“We have to be conscious where our dollars are coming from, they’re coming from the tax payers,” said Joe Strojwas, town councillor, adding that it is hard to predict prices in the future. “We have to be prudent, in how we run this community, we have to be cost-effective, we have to be proactive when it comes to finding new, innovated ways to fund projects, and I cannot, and will not, support an increase above the Consumer Price Index.”
Strojwas also said, in his experience as a business owner who has catered government events in the past, was that if they were within budget, government does have a tendency to try to spend that remaining balance.
But with a rolling budget, Wannop hopes that they can avoid that pitfall.
“I think that’s what a rolling budget… would sort of eliminate. So, because you’re not only held accountable for your one-year budget, but the for two-year,” said Wannop. “If you’re spending money on things that you don’t need or didn’t use in that one year, then your held accountable to it. And say if you did things more efficiently, and you had money was able to carry forward, you were carry that forward and were awarded with that additional increase there, and that would be incorporated into the amount we would have to increase property taxes. So, if you don’t need as much the next year, you don’t have to raise property taxes as much the next year, because we were operating more efficiently.”
“To spend it while you have it, I want to get away from that.”
Wannop added that they don’t need to set their property taxes at the MPI exactly, it is more of a benchmark that shows what projected increases for that basket of goods will be.
Right now, the town is in a capital deficiency, basically they’re not bringing in enough revenue to cover what they spend in a year. With the multi-year plan and the rolling budgets, administration hopes to change this.
“Are municipalities the most efficient organizations in the word? Absolutely not,” said Wannop. “But, there are costs, and they’re driven by different factors, as you’re well aware of. And the different factors are different then in the Consumer Price Index, as I said in the past. And those factors, we can’t become more efficient, in the same respect, if these costs keep inflating we can only be as efficient, and eventually, we’re going to have to go towards the Municipal Price Index because of that’s what’s actually used for purchases in the municipality.”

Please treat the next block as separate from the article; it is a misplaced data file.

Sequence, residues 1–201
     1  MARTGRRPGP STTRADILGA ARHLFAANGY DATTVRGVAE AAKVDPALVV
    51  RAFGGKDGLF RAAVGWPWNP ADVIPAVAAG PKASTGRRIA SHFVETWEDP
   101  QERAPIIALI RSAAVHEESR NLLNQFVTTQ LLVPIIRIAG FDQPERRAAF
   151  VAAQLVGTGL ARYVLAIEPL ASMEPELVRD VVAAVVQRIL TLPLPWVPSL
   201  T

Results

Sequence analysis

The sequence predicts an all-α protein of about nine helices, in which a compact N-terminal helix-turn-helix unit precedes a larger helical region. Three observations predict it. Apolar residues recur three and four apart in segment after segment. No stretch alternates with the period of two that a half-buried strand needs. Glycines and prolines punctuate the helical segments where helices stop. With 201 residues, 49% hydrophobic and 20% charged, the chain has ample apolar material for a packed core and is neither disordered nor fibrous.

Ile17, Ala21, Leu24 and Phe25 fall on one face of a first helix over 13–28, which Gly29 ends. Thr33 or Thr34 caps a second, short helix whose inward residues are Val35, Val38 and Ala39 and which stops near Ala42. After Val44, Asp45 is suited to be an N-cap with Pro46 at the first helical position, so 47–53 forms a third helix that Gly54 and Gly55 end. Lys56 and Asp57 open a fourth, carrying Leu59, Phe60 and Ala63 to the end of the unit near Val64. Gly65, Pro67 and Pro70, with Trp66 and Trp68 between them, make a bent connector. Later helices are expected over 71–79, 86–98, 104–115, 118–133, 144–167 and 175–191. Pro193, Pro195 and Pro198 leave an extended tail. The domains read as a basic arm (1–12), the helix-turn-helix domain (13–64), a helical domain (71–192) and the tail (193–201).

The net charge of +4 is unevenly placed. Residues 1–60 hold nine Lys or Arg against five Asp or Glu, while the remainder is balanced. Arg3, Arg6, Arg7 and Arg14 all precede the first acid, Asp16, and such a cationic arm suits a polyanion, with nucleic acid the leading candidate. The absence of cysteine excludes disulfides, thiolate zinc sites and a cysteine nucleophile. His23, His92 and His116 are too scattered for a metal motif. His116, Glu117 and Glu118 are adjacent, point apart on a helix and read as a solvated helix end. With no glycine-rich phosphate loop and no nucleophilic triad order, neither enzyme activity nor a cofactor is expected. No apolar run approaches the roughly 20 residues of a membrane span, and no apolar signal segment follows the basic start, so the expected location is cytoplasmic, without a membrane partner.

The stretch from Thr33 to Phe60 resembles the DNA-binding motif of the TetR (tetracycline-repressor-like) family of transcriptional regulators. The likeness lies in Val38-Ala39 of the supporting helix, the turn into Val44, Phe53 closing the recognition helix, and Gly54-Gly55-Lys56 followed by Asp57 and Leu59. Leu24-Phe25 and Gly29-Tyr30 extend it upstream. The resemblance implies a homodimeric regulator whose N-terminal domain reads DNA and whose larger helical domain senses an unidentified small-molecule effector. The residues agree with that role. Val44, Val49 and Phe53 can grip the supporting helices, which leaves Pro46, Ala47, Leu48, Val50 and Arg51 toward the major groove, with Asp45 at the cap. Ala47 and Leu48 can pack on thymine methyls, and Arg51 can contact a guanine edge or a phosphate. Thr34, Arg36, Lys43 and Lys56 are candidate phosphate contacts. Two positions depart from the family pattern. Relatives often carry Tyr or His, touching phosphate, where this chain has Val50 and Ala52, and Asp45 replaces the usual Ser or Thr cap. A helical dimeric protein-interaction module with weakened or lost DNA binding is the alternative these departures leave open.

To help ensure that the town stays sustainable, administration has listed as best practice to not rely on government grants to cover costs of maintaining the current level of service, using them instead for growth projects only.
“Realistically speaking, I think you can still count on some of (the government grants) down the road,” said DeVleiger, using the example of Municipal Sustainability Initiative funding. “If that would all of a sudden stop, I think the whole province would be in shambles.”
Wannop replied that it was included so they don’t reply on it to make ends meet. Eventually, the town needs to be at a place where grants are used solely for growth projects — that way if they don’t get them or receive less money, they can defer the project for another year or do things at a smaller scale.
“If I’m scaring you guys, that I want all of these things to happen right now, I want us to be sustainable right away, it’s going to be a process,” said Wannop. “It’s just a process, and it’s just getting to the determination of getting in your head that we need to eventually get to that path where government grants shouldn’t be relied on.”
Amending a recommendation from administration, council approved a motion to approve the plan that the Town of Taber will develop a plan to ensure that the town of Taber is sustainable into the future with the reliance of provincial and federal grants as needed.